Rabbis Without Borders
Rabbis Without Borders is a dynamic forum for exploring contemporary issues in the Jewish world and beyond. Written by rabbis of different denominations, viewpoints, and parts of the country, Rabbis Without Borders is a project of Clal – The National Jewish Center for Learning and Leadership.
At this time of year, I have a mission… to save Jews from bad wine. Now, I know that some of you are lovers of the dark, sweet, sticky substance that passes for wine when making kiddush. In many ways, it is a very efficient and economic way of bringing some sweetness in to sanctify Shabbat and the festivals. Once opened, it seems to last forever, does not require refrigeration, and a large bottle can go a long way in those little cups that many of us use for kiddush at synagogue.
But for me, Passover Seder is different. For those who do not drink alcohol, there is grape juice in a variety of shades. Even sparkling grape juice if you want to be extra-festive. But I enjoy wine. And if I’m going to be commanded to drink four cups of it at my Seder, I know that I can do a lot better than Manishewitz, and I feel obligated to share this information with you. Nowhere in halachah (Jewish law) does it say that we are commanded to drink bad wine!
And so, last week, I co-hosted a Kosher-for-Passover wine tasting at our local liquor store, Julio’s Liquors. Located in the heart of Central Massachusetts, we are blessed with a particularly exceptional store that has several event spaces and hosts several free tastings a week. Over 70 people responded to the invitation to attend this particular tasting, drawing from two congregations, and the local community in general, Jews and non-Jews. You can read about the wines we tasted on my own blog, where I shared tasting notes for those who were unable to attend the event.
For me, what I found wonderful was that, in an area with a vast majority of Jews who do not keep kosher, there was great interest in this opportunity. A lot of wine was sold that evening. I think this is for a number of reasons. While many Jews do not keep kosher either strictly or at all, there is something about Passover that makes more of us attentive to the details, and more likely to make choices that are more aligned with traditional Jewish food practices as part of our observance of this holiday. And, for many of us, the reasons for this are cultural. They are about memory and heritage. There was pride in learning about the ancient roots of Jewish wine-making in the land of Israel. And, knowing that there are some products used in part of the wine-making process (fining – a way of removing some soluble particulates from the wine) that are derived from animal products and therefore distinctly not kosher, there was a desire for something that was better aligned with the purpose of sanctifying a Passover Seder. For many, having permission to enjoy good wine at the Seder was a revelation!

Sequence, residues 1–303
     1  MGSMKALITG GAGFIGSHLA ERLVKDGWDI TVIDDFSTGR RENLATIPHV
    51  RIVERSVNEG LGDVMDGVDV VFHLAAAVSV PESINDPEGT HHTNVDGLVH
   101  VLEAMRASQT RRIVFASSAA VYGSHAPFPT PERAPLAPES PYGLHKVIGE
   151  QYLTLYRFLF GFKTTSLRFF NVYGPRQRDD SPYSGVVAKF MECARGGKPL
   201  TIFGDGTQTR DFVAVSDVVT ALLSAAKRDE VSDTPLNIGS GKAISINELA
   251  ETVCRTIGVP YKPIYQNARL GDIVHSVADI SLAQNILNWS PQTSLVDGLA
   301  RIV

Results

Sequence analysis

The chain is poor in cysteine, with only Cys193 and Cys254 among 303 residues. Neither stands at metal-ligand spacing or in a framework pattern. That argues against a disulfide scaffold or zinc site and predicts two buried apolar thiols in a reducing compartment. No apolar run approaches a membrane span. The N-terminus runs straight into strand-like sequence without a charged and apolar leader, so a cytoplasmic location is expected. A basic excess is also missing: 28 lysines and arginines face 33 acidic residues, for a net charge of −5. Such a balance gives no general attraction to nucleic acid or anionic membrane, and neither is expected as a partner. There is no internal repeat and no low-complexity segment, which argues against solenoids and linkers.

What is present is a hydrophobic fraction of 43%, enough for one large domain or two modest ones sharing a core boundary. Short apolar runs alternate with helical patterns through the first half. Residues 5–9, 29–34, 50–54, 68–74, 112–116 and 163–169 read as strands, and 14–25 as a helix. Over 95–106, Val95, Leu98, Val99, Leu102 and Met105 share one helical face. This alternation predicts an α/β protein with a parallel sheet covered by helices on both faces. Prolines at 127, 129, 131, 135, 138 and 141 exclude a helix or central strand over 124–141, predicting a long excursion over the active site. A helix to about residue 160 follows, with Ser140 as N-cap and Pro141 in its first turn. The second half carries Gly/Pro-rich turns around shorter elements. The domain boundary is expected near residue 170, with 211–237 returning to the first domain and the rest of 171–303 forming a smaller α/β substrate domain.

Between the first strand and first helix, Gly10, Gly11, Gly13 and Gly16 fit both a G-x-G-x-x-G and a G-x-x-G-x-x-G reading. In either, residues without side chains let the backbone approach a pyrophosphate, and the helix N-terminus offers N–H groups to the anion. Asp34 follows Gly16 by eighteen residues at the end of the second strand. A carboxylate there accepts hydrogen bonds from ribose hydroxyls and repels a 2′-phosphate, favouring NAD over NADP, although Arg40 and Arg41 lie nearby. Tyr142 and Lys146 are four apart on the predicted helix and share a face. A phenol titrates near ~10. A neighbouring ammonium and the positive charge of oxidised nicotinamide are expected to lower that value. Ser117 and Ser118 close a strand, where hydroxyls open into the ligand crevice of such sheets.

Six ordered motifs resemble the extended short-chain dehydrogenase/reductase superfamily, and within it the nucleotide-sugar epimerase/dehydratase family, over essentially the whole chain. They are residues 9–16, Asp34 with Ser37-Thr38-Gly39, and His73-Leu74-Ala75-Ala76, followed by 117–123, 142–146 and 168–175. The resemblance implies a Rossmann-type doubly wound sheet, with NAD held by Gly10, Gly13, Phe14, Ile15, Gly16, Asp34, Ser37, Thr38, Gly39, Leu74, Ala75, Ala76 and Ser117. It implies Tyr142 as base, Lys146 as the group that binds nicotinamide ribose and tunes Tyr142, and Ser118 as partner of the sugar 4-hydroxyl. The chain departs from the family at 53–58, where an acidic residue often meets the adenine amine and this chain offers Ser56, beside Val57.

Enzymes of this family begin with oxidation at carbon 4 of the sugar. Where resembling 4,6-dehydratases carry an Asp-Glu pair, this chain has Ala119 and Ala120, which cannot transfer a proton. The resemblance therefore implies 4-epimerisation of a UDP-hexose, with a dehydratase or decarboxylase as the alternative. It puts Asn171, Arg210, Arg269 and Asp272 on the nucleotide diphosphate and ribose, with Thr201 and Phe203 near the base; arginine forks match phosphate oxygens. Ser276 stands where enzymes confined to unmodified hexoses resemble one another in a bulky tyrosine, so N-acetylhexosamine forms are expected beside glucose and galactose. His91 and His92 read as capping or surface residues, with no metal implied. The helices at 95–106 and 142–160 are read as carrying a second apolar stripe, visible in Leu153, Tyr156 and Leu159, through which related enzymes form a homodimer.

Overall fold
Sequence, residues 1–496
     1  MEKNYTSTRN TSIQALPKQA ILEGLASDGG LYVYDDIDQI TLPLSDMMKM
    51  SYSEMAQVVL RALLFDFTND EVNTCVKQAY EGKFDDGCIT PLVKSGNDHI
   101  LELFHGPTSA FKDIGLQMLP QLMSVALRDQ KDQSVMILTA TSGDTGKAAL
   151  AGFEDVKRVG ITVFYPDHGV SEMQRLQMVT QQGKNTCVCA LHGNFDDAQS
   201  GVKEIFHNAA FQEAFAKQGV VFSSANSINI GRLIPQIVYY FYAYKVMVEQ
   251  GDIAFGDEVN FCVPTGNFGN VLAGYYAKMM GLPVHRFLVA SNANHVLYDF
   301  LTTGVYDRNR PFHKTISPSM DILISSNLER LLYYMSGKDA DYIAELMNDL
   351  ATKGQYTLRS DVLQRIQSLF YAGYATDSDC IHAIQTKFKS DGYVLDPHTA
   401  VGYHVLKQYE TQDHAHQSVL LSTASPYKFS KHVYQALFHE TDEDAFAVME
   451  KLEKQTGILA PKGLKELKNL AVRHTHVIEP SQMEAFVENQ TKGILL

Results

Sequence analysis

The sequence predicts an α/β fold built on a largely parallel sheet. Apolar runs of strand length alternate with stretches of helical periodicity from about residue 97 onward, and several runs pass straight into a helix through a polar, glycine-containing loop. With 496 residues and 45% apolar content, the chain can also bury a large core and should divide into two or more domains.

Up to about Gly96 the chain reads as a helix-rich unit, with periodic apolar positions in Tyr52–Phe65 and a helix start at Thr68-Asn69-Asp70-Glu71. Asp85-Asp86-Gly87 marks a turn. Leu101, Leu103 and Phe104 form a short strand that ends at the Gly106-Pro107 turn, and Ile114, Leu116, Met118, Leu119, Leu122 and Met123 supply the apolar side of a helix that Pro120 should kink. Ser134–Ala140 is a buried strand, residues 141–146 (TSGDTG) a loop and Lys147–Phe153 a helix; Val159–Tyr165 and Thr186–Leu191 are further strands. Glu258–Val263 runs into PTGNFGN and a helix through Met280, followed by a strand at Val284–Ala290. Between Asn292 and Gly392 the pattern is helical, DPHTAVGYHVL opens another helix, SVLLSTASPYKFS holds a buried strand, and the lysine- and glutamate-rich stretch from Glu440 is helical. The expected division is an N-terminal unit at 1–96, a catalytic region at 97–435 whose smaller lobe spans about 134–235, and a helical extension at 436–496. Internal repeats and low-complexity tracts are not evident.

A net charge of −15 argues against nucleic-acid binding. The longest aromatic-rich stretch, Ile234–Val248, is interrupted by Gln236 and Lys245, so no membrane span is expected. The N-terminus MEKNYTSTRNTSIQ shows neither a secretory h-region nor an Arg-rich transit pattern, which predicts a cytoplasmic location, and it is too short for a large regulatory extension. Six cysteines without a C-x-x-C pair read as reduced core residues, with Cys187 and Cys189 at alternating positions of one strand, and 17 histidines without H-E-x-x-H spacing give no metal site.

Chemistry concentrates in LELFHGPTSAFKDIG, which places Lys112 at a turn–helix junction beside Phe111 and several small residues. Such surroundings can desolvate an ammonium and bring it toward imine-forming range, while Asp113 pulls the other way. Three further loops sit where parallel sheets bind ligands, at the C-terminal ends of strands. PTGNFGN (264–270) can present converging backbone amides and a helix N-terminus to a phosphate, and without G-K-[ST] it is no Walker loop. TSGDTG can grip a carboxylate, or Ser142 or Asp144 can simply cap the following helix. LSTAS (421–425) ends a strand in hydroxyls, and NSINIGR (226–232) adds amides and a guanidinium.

During my presentation I gave a brief history of Jewish wine-making, discussed what makes a wine kosher, or kosher-for-Pesach, and the role of wine in the Passover Seder. Each participant went home with a flyer that included ideas for making a Seder more meaningful and interactive. One of the things that we’ve learned to ask of our rituals and our festival occasions at Rabbis Without Borders is the question, ‘What job does it do?’ Sometimes, we imagine that we, as rabbis, know the answers to these questions. We think we know why people will choose to keep kosher because of their belief or their observance of Judaism in particular ways. We think we know why people experience the Seder, do or do not follow a Haggadah, and engage in the rituals because of the ways we’ve learned about them or practiced them ourselves.
What I’ve come to learn, over and over again, is that Judaism is a process of engaging with the structures, rituals, and moments of Jewish practice, and people seek out meaning in many different ways. Providing opportunities for experiences, opening the door to tradition through gatherings that are social and not intimidating, people will connect to and engage in these opportunities and make them their own. Last week, the opportunity was drinking good kosher wine. Next week, many of those participants will have a new story to tell at their Passover Seder, and a different lens on the rituals that they engage with in their celebration of the holiday.
Pronounced: huh-GAH-duh or hah-gah-DAH, Origin: Hebrew, literally “telling” or “recounting.” A Haggadah is a book that is used to tell the story of the Exodus at the Passover seder. There are many versions available ranging from very traditional to nontraditional, and you can also make your own.
Pronounced: KOH-sher, Origin: Hebrew, adhering to kashrut, the traditional Jewish dietary laws.